Merits of non-invasive rat models of left ventricular heart failure

Alex P. Carll, Monte S. Willis, Robert M. Lust, Daniel L. Costa, Aimen K. Farraj

Research output: Contribution to journalArticle

28 Scopus citations


Heart failure (HF) is characterized as a limitation to cardiac output that prevents the heart from supplying tissues with adequate oxygen and predisposes individuals to pulmonary edema. Impaired cardiac function is secondary to either decreased contractility reducing ejection (systolic failure), diminished ventricular compliance preventing filling (diastolic failure), or both. To study HF etiology, many different techniques have been developed to elicit this condition in experimental animals, with varying degrees of success. Among rats, surgically induced HF models are the most prevalent, but they bear several shortcomings, including high mortality rates and limited recapitulation of the pathophysiology, etiology, and progression of human HF. Alternatively, a number of non-invasive HF induction methods avoid many of these pitfalls, and their merits in technical simplicity, reliability, survivability, and comparability to the pathophysiologic and pathogenic characteristics of HF are reviewed herein. In particular, this review focuses on the primary pathogenic mechanisms common to genetic strains (spontaneously hypertensive and spontaneously hypertensive heart failure), pharmacological models of toxic cardiomyopathy (doxorubicin and isoproterenol), and dietary salt models, all of which have been shown to induce left ventricular HF in the rat. Additional non-invasive techniques that may potentially enable the development of new HF models are also discussed.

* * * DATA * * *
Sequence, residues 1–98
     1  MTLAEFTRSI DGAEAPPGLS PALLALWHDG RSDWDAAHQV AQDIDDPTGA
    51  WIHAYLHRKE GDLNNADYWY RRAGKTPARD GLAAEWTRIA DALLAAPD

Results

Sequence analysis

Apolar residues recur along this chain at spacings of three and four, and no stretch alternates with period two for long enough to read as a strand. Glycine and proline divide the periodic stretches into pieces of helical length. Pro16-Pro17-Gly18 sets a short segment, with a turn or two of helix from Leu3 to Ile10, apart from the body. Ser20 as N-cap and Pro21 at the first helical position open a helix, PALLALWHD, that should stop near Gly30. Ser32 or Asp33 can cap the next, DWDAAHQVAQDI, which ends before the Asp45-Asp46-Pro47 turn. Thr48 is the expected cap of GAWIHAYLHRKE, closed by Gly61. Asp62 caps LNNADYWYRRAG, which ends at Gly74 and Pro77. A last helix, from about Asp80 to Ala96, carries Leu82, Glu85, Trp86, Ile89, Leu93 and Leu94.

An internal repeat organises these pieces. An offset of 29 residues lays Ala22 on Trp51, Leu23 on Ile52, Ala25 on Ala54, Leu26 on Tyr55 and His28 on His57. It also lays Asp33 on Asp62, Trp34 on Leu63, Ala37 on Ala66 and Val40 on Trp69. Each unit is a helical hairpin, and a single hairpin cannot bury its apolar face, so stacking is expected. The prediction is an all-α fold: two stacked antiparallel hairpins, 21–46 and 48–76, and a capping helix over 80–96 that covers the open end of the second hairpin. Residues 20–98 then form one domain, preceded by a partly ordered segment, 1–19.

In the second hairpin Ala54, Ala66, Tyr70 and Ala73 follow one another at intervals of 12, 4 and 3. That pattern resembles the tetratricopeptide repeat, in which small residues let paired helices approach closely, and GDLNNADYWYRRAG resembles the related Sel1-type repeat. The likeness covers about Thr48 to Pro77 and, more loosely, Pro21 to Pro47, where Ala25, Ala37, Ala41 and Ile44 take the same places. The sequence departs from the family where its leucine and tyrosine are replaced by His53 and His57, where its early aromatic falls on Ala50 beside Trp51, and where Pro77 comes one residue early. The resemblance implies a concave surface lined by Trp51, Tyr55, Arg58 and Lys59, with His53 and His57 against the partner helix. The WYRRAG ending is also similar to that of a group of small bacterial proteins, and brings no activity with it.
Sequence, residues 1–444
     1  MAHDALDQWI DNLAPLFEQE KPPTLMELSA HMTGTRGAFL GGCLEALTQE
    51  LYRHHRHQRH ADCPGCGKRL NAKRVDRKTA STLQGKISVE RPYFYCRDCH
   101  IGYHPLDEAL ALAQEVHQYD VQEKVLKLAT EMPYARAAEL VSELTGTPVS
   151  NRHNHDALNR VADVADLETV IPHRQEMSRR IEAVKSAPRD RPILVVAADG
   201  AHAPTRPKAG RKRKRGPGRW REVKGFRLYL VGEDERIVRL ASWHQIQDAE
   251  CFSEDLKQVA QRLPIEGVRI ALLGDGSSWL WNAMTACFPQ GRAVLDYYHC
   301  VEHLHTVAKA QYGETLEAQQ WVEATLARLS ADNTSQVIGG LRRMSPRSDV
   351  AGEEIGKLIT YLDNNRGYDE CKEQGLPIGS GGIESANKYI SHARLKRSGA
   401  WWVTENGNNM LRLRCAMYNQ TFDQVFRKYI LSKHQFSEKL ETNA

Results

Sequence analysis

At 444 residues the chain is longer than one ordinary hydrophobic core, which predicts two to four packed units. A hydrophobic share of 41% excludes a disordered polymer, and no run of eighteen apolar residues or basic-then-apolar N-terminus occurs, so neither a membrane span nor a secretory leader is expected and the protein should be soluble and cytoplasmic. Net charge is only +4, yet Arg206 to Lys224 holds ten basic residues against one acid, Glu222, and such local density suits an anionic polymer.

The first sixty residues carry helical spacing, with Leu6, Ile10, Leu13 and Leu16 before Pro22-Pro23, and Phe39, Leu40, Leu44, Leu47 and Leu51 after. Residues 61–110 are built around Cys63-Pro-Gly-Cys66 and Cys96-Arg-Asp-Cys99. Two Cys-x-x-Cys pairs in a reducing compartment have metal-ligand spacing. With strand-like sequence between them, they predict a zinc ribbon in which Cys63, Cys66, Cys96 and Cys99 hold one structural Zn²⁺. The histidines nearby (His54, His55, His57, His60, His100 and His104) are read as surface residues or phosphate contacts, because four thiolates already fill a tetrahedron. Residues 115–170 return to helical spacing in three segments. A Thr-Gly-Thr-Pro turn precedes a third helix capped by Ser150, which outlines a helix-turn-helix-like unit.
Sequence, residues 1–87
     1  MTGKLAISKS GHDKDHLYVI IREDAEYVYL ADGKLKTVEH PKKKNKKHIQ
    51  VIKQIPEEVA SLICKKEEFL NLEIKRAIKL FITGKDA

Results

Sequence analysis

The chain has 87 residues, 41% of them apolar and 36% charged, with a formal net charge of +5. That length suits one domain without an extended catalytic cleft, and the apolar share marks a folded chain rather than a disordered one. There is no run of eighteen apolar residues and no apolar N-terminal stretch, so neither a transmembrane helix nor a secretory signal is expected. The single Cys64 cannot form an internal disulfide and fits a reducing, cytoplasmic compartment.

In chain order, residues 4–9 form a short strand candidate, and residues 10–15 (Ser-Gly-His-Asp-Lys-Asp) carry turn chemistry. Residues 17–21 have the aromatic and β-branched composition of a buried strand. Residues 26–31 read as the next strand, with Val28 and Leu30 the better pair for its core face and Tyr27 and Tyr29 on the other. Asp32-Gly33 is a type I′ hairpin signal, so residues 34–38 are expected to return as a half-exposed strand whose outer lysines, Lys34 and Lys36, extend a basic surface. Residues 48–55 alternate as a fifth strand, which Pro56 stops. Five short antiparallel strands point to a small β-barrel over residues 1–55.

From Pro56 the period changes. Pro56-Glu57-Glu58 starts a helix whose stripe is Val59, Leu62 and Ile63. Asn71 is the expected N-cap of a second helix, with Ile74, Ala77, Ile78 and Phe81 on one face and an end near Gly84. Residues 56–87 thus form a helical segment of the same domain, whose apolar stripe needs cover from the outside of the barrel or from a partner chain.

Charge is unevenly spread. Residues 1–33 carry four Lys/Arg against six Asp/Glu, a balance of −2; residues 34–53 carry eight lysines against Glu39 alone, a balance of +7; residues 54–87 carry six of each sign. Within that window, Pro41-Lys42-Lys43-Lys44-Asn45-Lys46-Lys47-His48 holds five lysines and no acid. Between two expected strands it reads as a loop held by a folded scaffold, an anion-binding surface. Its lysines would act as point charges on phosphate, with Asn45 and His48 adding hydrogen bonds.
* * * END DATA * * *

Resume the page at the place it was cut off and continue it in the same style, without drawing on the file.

Original languageEnglish (US)
Pages (from-to)91-112
Number of pages22
JournalCardiovascular Toxicology
Issue number2
StatePublished - Jun 1 2011
Externally publishedYes


  • Cardiomyopathy
  • Doxorubicin
  • Echocardiography
  • Heart failure
  • Heart failure model
  • Isoproterenol
  • Rat
  • SHHF
  • Salt diet
  • Spontaneously hypertensive

ASJC Scopus subject areas

  • Molecular Biology
  • Toxicology
  • Cardiology and Cardiovascular Medicine

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